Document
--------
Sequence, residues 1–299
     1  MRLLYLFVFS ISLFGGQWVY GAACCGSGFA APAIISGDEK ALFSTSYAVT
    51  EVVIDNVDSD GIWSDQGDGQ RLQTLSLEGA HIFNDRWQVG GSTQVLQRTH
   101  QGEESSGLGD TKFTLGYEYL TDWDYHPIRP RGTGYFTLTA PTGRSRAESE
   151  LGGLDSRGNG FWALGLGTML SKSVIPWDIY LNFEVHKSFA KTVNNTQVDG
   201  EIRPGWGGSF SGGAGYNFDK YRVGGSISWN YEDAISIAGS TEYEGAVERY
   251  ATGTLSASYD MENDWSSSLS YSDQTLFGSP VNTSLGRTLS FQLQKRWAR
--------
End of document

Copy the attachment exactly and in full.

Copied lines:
Sequence, residues 1–299
     1  MRLLYLFVFS ISLFGGQWVY GAACCGSGFA APAIISGDEK ALFSTSYAVT
    51  EVVIDNVDSD GIWSDQGDGQ RLQTLSLEGA HIFNDRWQVG GSTQVLQRTH
   101  QGEESSGLGD TKFTLGYEYL TDWDYHPIRP RGTGYFTLTA PTGRSRAESE
   151  LGGLDSRGNG FWALGLGTML SKSVIPWDIY LNFEVHKSFA KTVNNTQVDG
   201  EIRPGWGGSF SGGAGYNFDK YRVGGSISWN YEDAISIAGS TEYEGAVERY
   251  ATGTLSASYD MENDWSSSLS YSDQTLFGSP VNTSLGRTLS FQLQKRWAR